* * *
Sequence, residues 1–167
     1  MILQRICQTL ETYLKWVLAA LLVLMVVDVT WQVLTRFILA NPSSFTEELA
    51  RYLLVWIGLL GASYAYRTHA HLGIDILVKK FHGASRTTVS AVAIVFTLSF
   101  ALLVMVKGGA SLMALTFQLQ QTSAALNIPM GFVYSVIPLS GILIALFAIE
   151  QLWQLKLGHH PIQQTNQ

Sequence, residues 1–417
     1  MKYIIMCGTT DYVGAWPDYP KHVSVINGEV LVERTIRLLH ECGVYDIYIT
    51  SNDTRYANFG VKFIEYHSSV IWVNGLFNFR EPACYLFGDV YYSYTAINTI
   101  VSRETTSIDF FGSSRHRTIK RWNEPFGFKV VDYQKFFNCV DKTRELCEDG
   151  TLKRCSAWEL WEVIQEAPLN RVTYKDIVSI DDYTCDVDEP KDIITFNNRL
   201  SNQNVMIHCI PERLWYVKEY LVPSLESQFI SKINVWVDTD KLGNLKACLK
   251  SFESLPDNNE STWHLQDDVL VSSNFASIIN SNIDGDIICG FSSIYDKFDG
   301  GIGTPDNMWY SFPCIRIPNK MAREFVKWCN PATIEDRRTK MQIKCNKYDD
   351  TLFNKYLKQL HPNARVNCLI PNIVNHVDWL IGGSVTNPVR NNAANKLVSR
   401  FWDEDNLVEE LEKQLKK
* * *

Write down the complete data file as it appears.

Sequence, residues 1–167
     1  MILQRICQTL ETYLKWVLAA LLVLMVVDVT WQVLTRFILA NPSSFTEELA
    51  RYLLVWIGLL GASYAYRTHA HLGIDILVKK FHGASRTTVS AVAIVFTLSF
   101  ALLVMVKGGA SLMALTFQLQ QTSAALNIPM GFVYSVIPLS GILIALFAIE
   151  QLWQLKLGHH PIQQTNQ

Sequence, residues 1–417
     1  MKYIIMCGTT DYVGAWPDYP KHVSVINGEV LVERTIRLLH ECGVYDIYIT
    51  SNDTRYANFG VKFIEYHSSV IWVNGLFNFR EPACYLFGDV YYSYTAINTI
   101  VSRETTSIDF FGSSRHRTIK RWNEPFGFKV VDYQKFFNCV DKTRELCEDG
   151  TLKRCSAWEL WEVIQEAPLN RVTYKDIVSI DDYTCDVDEP KDIITFNNRL
   201  SNQNVMIHCI PERLWYVKEY LVPSLESQFI SKINVWVDTD KLGNLKACLK
   251  SFESLPDNNE STWHLQDDVL VSSNFASIIN SNIDGDIICG FSSIYDKFDG
   301  GIGTPDNMWY SFPCIRIPNK MAREFVKWCN PATIEDRRTK MQIKCNKYDD
   351  TLFNKYLKQL HPNARVNCLI PNIVNHVDWL IGGSVTNPVR NNAANKLVSR
   401  FWDEDNLVEE LEKQLKK